What Happens During a Recession? Your Complete Guide

what happens during a recession

In their hit song “I Want It That Way,” the Backstreet Boys croon about how they want things to be perfect. Unfortunately, in life – and in business – there is no such thing as perfection. Although it’s impossible to predict everything that will happen during a recession, by being prepared you can minimize its negative effects on your bottom line. This guide will teach you what to expect, and how to protect your business while the economy takes a nosedive. Let’s get started!

What Would Happen if we Went into a Recession?

The first thing you need to know about a recession is that it’s not caused by one event. It’s the result of many different factors coming together, like high unemployment, low consumer confidence, and decreased spending. When these things happen, they put a strain on businesses of all sizes.



Stages of a Recession

The economy goes through cycles, and a recession is just one part of that. Being aware of how these cycles work can help you weather the storm and come out on the other side stronger than before. There are five stages of a recession, which we’ll discuss below.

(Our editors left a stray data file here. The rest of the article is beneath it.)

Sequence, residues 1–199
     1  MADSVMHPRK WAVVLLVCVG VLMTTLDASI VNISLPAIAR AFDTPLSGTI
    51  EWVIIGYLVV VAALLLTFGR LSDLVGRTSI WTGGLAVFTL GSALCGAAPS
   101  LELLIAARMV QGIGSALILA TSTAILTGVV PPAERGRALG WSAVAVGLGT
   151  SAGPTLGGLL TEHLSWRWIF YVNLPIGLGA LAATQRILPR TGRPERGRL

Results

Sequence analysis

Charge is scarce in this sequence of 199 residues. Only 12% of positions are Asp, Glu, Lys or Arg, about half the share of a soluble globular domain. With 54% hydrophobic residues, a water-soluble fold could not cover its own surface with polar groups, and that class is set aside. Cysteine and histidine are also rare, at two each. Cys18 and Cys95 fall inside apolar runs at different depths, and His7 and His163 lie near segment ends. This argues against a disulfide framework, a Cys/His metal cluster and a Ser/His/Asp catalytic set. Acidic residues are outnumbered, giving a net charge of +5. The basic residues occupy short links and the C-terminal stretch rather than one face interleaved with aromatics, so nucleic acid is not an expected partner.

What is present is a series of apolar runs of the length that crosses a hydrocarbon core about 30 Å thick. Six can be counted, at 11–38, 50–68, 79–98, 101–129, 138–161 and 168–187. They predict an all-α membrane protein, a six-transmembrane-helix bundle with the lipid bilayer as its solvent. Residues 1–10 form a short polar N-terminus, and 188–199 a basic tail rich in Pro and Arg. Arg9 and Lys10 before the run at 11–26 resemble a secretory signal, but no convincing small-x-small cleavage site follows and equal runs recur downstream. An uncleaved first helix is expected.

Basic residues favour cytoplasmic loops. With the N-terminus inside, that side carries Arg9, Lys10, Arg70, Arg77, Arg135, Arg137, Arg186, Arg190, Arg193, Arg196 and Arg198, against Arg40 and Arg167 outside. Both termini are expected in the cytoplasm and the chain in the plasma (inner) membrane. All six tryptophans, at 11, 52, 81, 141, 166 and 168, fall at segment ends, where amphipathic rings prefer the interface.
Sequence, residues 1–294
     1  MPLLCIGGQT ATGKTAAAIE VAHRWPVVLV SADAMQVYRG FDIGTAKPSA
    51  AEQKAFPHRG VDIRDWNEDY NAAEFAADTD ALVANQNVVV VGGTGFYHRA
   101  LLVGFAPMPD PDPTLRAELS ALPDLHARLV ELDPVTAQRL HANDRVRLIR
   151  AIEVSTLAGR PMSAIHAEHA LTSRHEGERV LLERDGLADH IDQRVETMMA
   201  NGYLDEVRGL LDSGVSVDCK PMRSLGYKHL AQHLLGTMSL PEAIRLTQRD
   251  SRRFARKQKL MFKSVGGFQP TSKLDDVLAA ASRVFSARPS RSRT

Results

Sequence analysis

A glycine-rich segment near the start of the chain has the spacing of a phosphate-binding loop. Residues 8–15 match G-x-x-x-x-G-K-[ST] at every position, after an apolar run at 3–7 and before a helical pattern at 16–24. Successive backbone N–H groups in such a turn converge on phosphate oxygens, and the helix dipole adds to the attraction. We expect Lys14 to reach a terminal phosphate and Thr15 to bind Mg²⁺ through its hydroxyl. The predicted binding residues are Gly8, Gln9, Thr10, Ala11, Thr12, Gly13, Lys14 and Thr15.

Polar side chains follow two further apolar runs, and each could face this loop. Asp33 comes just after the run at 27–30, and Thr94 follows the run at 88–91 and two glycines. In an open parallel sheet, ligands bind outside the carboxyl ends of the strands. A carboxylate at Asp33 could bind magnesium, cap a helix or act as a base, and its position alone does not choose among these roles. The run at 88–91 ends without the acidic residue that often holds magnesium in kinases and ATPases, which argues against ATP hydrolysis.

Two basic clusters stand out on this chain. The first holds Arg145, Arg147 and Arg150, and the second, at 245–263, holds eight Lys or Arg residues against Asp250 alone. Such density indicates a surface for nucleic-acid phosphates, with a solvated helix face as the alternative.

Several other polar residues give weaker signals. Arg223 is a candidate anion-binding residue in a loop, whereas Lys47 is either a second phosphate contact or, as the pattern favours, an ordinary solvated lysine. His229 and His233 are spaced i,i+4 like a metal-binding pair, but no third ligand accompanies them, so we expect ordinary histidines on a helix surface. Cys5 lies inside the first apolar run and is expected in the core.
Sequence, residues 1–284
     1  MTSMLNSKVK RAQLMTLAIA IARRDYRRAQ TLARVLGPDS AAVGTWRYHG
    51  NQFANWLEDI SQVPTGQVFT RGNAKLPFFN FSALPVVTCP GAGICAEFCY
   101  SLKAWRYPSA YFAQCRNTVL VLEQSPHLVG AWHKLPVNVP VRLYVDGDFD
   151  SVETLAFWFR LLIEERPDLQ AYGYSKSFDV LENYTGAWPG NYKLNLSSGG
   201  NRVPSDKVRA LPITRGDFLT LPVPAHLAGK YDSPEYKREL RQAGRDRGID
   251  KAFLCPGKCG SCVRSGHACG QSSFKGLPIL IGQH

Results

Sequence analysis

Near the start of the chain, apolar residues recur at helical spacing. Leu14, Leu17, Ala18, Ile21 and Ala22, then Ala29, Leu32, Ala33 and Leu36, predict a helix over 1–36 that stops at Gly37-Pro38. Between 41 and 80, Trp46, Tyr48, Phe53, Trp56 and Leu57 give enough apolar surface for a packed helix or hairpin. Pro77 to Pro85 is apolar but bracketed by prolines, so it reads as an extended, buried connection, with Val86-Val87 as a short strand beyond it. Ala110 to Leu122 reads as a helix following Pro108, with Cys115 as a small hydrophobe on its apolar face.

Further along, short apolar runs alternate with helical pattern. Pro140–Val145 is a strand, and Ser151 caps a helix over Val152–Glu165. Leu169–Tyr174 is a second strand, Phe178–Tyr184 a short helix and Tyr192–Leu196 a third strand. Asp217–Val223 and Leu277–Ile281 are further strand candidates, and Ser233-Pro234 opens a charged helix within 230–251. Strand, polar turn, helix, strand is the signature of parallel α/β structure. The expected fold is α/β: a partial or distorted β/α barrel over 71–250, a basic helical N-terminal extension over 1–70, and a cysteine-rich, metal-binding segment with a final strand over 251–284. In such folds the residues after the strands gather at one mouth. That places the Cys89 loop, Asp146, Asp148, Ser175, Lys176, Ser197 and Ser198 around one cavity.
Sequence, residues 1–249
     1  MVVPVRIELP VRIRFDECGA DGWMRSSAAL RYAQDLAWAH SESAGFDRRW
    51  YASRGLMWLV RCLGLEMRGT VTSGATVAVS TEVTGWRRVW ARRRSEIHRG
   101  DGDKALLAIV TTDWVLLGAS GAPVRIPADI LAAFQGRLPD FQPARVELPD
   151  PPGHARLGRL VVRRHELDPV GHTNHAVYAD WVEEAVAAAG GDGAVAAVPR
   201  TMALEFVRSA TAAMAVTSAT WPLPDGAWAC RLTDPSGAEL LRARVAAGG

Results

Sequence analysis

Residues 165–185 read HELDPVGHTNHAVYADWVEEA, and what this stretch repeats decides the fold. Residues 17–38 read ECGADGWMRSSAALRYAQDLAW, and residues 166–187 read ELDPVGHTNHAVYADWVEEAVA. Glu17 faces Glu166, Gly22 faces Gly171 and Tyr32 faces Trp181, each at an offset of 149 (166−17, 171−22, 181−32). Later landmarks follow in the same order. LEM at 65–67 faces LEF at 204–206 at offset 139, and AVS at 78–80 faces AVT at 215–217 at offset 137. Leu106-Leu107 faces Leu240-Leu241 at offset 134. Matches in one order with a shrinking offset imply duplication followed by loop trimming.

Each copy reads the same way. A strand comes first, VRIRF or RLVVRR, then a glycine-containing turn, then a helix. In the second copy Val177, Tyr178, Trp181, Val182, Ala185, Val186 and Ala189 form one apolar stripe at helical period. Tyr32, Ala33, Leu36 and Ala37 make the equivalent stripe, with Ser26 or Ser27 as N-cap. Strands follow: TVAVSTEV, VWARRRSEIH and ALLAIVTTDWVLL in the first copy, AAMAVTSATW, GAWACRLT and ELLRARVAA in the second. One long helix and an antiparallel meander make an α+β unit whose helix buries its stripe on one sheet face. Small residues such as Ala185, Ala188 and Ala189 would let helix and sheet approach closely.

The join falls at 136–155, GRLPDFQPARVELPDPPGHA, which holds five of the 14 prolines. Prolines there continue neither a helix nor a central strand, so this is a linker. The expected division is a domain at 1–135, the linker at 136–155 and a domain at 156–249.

This is the first stage, and it’s characterized by a decrease in activity throughout the economy. This can manifest itself in different ways, like lower production levels, fewer jobs, and less spending by consumers and businesses.


The second stage of a recession is the trough. This is when the economy reaches its lowest point and starts to turn around. This is often marked by an increase in unemployment, as people who have been laid off start to look for new jobs.


The third stage is the recovery when the economy starts to grow again. This is usually a slow process, with businesses and consumers gradually increasing their spending.


The fourth stage is expansion when the economy is growing at a healthy rate. This is when businesses are thriving, new jobs are being created, and people are feeling confident about the future.


The fifth and final stage is the peak when the economy is at its highest point. This is often followed by a recession, as the economy starts to slow down. And this cycle repeats itself, over and over.